New Mile

With feet built like the wings of migratory birds,
I set off galloping alone in search of a new mile.

Each stride unfurls arches, coils of flesh and tendon,
and I hide breviloquent praise for these moments

in the hiss of each breath; my clipped sighs of joy
baked by the sun and swallowed by the breeze.

The bready chocolate smell of the Malt-O-Meal
factory becomes the sweet scent of leaf decay,

the long, boxy building replaced by verdant
thickets and dull pools of old rainwater.

Somewhere along County Road 78, I forget
how to count anything besides my desires.

I break stride to cross a single railroad track,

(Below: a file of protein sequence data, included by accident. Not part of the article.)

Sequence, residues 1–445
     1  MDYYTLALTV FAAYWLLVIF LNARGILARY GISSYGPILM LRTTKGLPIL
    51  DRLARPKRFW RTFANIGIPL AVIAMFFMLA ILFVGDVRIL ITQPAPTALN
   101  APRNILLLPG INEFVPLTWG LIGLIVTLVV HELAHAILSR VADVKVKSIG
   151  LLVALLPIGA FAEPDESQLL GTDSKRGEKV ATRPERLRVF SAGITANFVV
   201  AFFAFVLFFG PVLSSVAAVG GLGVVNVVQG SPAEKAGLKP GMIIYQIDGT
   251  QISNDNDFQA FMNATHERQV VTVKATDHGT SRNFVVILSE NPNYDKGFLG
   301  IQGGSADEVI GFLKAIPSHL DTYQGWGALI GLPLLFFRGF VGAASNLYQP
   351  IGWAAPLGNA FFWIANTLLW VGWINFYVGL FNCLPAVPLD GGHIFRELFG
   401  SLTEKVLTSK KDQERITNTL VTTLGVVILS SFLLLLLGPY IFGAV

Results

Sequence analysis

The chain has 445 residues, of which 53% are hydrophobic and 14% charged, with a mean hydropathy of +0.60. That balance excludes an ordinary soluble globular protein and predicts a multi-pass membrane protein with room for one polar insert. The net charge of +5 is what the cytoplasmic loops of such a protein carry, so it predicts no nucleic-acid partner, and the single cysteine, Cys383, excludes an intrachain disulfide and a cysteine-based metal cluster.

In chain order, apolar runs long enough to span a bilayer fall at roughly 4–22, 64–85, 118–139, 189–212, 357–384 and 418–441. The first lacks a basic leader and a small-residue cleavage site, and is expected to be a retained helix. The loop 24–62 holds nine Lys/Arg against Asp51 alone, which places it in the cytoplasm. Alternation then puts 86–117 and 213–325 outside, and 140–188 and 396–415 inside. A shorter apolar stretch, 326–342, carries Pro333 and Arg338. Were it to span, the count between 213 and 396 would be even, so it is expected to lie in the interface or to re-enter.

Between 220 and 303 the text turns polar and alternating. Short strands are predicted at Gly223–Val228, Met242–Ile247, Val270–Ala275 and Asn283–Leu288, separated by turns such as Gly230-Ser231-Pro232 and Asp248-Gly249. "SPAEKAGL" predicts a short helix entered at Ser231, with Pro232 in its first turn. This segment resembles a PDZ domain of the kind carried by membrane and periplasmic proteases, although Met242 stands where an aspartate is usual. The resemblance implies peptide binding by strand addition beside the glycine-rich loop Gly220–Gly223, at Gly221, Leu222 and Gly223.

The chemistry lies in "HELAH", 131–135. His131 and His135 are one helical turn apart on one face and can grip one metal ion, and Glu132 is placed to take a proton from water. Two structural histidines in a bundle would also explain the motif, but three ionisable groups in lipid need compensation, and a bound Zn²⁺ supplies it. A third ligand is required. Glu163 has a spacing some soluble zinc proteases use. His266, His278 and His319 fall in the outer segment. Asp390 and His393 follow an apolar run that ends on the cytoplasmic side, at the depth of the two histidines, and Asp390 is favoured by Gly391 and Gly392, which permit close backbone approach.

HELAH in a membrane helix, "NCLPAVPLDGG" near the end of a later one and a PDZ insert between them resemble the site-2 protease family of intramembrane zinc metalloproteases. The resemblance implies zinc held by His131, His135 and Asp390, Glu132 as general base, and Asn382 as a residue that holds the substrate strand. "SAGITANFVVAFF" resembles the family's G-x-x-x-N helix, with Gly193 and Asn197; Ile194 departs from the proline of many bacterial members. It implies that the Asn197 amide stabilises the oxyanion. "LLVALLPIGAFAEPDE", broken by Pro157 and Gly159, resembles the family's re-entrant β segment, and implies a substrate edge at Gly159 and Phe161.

leaping over the quartzite ballast and cool metal.

Once the machine-like rise and fall of my legs
skips and restarts, a change settles across my body.

Heaviness seeps from my bones into my muscles,
my eyes focusing for the first time on the deepness

of the faded afternoon sky and the distant line
of trees marking the border of my longest run.

A few beads of sweat fall from my eyelashes
and the notion of stopping hurtles through me.

Color is sucked from the world. A silvery shine creeps
at the edges of my vision as oxygen burns itself out.

It is enough to cast doubt over the entire journey.
But just as a grimace cuts through my breathing,

I find that I’ve crossed the border of trees and I’ve run
further than ever before, gulping unknown air and light.

I’m surprised by the familiarity of each twist and turn;
and here across the new mile my feet again know flight.

Dane Hamann is a poet in the MFA in Creative Writing Program at Northwestern University. He works as a copy editor for a textbook publisher in Chicago's southwest suburbs.